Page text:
This year LSWA welcomes Rachel (U-M Creative Writing MFA ’19) to our community as a mentor and guide for our student leaders. She’s a creative writer as well as an opera singer, and her work in opera has been particularly exciting for us as our student leaders get to attend her performance with Michigan Opera Theatre’s production of Don Giovanni on Oct. 27. We recently asked her to discuss some of the ways her current operatic work factors into her approach to artistic leadership in our LSWA community.
Q: What do you do for LSWA, and how does it connect with other aspects of your art?
This year I’m proud to serve as the Student Leadership Coordinator for LSWA, though at first I wavered at the concept of myself as some kind of expert on leadership. I’ve been a singer and writer essentially all my life, but those are mainly lonely pursuits, each moment of performance representing hundreds of hours working alone in my office or practice room. But it’s impossible to be an artist without being a leader—the stronger your artistic voice, the more power you hold with your audience.
Q: Talk about your experience with opera.
When I fell in love with opera, somewhere between late high school and early college, I didn’t expect to find it so relevant to my daily life. What I loved were the lush orchestrations themselves, the scenery and costumes themselves, human voices themselves, poetry itself. I can still say that hearing the human voice is the most beautiful part of the whole endeavor and makes the thousands of hours of study and practice feel like no time at all. But this autumn, singing in the chorus for Michigan Opera Theatre’s production of Mozart’s Don Giovanni, is not the first time an opera has kept me awake thinking about how I live my daily life and what changes I want to make in the world.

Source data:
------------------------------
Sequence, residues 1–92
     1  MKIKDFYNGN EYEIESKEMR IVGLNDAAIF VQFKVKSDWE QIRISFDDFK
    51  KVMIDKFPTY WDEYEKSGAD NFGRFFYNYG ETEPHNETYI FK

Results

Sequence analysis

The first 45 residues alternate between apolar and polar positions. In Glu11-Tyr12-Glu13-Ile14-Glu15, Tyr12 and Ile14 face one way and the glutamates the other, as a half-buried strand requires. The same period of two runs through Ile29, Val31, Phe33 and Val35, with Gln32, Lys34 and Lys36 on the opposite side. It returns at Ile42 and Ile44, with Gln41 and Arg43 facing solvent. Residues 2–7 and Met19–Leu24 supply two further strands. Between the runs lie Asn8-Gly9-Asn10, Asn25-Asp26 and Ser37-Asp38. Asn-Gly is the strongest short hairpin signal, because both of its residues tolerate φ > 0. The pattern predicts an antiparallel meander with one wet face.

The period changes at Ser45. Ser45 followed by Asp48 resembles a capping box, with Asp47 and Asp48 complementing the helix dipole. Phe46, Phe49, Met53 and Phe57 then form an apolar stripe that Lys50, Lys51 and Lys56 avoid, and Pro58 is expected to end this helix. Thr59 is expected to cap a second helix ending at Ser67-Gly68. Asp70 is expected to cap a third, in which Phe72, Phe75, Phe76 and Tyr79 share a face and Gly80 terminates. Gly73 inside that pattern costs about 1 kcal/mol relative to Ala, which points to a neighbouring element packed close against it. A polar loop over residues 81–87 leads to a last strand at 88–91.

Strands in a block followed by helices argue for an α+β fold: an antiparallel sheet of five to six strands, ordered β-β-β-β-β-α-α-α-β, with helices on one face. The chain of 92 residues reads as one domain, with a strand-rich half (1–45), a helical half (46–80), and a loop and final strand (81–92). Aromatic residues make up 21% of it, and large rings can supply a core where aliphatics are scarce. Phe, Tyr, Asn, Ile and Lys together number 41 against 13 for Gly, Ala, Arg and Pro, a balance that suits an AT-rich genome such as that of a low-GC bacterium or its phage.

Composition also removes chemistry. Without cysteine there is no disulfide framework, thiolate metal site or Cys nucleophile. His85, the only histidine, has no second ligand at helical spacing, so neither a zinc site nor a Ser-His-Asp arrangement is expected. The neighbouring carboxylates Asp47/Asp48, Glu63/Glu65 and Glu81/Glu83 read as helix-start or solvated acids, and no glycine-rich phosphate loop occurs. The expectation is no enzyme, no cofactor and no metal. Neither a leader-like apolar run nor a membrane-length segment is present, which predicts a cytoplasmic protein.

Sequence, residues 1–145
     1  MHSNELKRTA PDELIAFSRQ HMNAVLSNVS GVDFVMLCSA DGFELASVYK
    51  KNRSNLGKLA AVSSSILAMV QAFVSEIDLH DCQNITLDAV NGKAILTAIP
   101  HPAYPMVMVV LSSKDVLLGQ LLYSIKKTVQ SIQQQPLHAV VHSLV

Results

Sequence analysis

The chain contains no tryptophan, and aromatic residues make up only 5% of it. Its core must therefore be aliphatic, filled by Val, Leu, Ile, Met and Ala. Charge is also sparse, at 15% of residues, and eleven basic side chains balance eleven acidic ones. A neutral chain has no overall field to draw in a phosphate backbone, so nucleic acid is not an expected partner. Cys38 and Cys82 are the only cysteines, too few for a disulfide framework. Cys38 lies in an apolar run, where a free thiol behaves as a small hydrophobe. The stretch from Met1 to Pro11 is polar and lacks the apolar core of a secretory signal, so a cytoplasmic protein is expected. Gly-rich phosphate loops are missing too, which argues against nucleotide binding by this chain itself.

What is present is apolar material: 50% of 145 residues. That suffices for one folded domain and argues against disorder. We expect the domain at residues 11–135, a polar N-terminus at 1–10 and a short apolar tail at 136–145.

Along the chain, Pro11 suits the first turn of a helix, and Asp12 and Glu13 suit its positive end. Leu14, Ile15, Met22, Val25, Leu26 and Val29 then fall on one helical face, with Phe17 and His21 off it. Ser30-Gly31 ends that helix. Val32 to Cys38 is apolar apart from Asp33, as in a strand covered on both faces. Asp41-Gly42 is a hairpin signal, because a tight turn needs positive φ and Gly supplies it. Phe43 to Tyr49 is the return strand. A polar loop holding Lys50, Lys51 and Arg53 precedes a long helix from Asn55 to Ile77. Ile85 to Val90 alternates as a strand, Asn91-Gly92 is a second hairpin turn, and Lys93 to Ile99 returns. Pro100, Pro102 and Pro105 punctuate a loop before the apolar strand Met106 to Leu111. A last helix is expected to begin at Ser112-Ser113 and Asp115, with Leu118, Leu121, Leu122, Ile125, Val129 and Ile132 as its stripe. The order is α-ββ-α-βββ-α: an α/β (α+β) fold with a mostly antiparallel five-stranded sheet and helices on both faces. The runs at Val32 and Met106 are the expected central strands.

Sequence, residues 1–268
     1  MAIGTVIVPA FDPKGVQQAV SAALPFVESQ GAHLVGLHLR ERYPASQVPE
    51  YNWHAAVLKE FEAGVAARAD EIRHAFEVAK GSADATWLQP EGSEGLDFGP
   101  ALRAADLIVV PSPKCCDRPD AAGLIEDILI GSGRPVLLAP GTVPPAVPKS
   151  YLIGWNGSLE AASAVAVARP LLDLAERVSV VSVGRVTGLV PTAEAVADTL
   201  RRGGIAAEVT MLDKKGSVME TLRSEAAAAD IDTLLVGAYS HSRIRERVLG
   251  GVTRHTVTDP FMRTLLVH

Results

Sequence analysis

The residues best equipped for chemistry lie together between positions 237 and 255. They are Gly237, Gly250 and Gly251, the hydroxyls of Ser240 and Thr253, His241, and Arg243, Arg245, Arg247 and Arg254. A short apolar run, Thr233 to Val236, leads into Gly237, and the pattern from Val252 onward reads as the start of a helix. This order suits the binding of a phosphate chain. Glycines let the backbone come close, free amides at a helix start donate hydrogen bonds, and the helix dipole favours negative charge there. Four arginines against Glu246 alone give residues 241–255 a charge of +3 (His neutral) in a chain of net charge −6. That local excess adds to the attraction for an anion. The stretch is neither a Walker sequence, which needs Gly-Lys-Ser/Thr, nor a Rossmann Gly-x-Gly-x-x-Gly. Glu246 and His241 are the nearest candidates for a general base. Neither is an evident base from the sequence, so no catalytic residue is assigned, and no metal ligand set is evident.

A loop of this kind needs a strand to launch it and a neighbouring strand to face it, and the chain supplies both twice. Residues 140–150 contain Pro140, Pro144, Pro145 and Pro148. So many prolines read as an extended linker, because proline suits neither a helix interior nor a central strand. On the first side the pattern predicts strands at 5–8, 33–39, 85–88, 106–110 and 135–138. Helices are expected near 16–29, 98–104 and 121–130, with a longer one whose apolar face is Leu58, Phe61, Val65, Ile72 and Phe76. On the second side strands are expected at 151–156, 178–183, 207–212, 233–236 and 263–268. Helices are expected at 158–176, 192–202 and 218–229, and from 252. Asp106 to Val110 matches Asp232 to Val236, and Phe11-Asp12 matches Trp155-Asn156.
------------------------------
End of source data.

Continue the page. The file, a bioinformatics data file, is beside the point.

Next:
Q: What would you say to a student who didn’t know that much about opera in general, or Don Giovanni in particular?
Opera is an art form that pushes its creators and performers to their limits. It takes physical strength, years of intensive discipline, and delicate muscle precision, not to mention a lot of intelligence and emotional generosity, to sing even a page of operatic score. The dancers, instrumentalists, choreographers, stage managers, and conductors put an incredible amount of work in as well. All this makes for a presentation that cannot fail to be bold and intentional. Pair that with the story of a powerful man ruining women’s lives left and right, and you have a conundrum. Because through the performance of opera and through its witnessing, we are asked to empathize deeply, to spend a lot of serious time with, and even to hum along with, all the flawed characters involved—that is to say, all the facilitators, instigators, and perpetuators of sexual assault.
I think it’s vital we continue the practice of exploring the psyches and decisions of all these different people. In Don Giovanni, we consider the abandoned woman still in love with her abuser, the poor young girl who likes attention more than anything, the victim ecstatic with revenge fantasies, the wretched servant who’d rather be an enabler than a target, as well as the people who love them but are constantly negotiating between the right choice and the safe choice. It’s also vital we do this exploration with kindness and care.
Q: Final thoughts?
Art is a zone of exploration, but it’s also hard to argue with its power as a vehicle for conviction and persuasion. In this world of instant communication and near-instant consequences, we continually have to navigate how we render our ideas, and how much space we have to explore. It’s hard enough to be honest, tactful, and kind on the operatic stage, with its heavy curtain and solid walls, and even harder in a world where artistic voices abound in a panoply of media and contexts that all slip quite organically into ordinary life. Our LSWA community paints, slams, podcasts, posts, films, fictionalizes, and more, and each one of us must interrogate, every day, our authority as an artist and what in the world we want to do with it.
All photos courtesy of Rachel Ann Girty.